The rate of uptake of vaccinations has tended to decrease as the booster is offered to each successive age band (Figure 4). Mid-September saw high initial take-up in the over-75s population, followed by the 65-74 population, as boosters were made available to all over 65s on 26 September. The initial take-up among those aged 50-64 has been notably slower than for the older population. Since the booster programme was extended to over 50s on 14 October, only 40% of people in the 50-64 age band have received a dose of the Autumn booster. This compares to 60% of those aged 65-74 four weeks after vaccination was offered. This suggests that there is a long way to go to ensure high coverage in the younger age group.

The number of new patients being vaccinated is levelling off over time, and we expect booster coverage to level off among over 65s in the coming weeks at or just below 80% of the 75+ age range, just over 75% of the 70-74 age range, and around 70% of the 65-69 age range. This compares with an overall take-up rate of 78% for the Spring booster campaign, which targeted over 75s.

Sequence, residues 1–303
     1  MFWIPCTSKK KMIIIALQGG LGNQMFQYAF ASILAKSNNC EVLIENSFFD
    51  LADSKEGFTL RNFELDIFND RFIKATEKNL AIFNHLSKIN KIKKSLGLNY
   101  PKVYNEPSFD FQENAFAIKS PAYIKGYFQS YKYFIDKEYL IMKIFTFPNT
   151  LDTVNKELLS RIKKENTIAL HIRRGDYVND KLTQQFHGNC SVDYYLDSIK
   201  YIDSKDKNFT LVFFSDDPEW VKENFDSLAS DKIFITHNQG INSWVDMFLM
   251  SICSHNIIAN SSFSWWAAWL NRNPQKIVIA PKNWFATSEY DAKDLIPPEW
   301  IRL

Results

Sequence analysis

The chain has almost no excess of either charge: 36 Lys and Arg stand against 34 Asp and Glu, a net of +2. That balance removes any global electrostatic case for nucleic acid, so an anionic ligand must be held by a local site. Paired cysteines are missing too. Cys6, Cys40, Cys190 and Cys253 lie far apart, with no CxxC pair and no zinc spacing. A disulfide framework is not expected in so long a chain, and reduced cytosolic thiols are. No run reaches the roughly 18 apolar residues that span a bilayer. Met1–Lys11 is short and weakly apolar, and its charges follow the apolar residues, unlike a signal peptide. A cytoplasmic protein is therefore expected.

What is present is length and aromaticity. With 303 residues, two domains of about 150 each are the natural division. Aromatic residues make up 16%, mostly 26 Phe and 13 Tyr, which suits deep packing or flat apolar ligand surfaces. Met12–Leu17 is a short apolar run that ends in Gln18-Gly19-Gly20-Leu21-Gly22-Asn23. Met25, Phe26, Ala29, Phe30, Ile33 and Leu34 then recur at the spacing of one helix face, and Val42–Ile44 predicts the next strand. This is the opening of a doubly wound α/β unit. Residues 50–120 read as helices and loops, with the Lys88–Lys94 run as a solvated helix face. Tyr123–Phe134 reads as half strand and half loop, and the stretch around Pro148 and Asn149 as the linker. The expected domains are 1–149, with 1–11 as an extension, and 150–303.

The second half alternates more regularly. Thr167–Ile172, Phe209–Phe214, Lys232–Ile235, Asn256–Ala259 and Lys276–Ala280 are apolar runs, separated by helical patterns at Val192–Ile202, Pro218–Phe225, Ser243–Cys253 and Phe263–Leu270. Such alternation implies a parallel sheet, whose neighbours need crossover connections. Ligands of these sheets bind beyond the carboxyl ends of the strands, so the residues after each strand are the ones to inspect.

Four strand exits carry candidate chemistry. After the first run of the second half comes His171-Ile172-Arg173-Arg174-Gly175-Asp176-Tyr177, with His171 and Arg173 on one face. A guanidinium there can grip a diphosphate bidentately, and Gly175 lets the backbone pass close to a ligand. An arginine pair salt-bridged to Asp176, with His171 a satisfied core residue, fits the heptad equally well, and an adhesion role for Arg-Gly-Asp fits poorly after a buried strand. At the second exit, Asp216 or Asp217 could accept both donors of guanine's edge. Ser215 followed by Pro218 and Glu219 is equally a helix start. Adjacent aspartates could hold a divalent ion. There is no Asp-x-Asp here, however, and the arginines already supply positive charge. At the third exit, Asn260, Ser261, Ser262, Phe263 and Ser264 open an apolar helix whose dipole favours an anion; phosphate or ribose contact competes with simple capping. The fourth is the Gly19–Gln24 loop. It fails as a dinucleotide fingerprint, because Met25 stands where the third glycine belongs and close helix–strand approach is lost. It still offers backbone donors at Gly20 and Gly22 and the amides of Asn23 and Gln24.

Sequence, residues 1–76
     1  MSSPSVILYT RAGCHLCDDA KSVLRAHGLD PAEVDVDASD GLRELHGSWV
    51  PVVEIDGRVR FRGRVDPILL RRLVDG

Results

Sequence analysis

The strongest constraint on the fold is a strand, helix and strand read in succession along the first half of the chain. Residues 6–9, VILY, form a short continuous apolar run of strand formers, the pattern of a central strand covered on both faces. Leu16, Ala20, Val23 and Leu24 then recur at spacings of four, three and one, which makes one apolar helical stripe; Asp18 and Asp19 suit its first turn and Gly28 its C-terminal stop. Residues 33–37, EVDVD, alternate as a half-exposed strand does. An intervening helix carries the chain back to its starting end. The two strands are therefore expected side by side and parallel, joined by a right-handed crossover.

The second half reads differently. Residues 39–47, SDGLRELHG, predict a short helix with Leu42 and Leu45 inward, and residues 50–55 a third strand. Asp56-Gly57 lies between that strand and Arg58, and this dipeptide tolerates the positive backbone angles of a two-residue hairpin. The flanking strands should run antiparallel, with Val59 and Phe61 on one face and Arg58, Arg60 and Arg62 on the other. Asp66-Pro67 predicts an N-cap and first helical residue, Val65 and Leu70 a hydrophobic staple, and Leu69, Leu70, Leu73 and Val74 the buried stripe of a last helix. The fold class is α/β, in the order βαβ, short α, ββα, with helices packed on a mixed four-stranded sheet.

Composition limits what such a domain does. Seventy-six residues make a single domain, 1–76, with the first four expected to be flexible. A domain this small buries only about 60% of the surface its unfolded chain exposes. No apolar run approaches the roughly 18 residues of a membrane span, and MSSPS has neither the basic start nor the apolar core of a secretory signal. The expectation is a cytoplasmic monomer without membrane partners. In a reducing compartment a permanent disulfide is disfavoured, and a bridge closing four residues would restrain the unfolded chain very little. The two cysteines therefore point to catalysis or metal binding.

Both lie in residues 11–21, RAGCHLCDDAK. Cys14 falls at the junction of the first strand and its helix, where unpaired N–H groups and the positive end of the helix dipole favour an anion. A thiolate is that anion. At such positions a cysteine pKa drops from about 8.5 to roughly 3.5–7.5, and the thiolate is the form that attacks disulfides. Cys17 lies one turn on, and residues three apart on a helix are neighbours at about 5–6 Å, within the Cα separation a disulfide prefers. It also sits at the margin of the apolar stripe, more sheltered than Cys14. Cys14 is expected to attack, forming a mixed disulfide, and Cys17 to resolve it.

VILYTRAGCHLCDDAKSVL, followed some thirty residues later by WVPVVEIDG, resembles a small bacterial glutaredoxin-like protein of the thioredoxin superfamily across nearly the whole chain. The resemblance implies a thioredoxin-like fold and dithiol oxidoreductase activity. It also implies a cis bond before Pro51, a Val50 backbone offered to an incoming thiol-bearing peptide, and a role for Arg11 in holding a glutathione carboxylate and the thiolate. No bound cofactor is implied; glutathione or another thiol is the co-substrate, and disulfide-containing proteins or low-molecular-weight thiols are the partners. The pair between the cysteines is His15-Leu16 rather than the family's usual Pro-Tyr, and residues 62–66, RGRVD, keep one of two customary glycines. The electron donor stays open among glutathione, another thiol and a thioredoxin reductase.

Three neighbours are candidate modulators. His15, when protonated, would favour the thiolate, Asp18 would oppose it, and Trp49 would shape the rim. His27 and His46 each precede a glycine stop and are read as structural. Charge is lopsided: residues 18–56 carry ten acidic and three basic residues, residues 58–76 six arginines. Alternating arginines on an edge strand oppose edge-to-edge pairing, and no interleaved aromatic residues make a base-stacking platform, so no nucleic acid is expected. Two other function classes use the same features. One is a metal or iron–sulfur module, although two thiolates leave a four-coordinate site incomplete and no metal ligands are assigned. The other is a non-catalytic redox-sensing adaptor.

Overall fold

We expect the number vaccinated in the 50-64 age band will continue to increase over the coming months; however, at the current rates it is likely the ultimate coverage within this age group will be much lower than others.

Figure 4: Proportion of people who have received an Autumn booster by age band – England

Vaccinations are part of the public health protection plan

It has been very evident from early in the pandemic that, rather than eliminating it, we were going to have to “learn to live with COVID-19”. Vaccination programmes have been implemented as part of this plan. Ongoing concerted effort is required to increase uptake across regions and age groups to ensure the most vulnerable populations are adequately protected.  This includes ethnic minorities and those living in more deprived areas, groups which saw lower vaccine uptake in previous waves.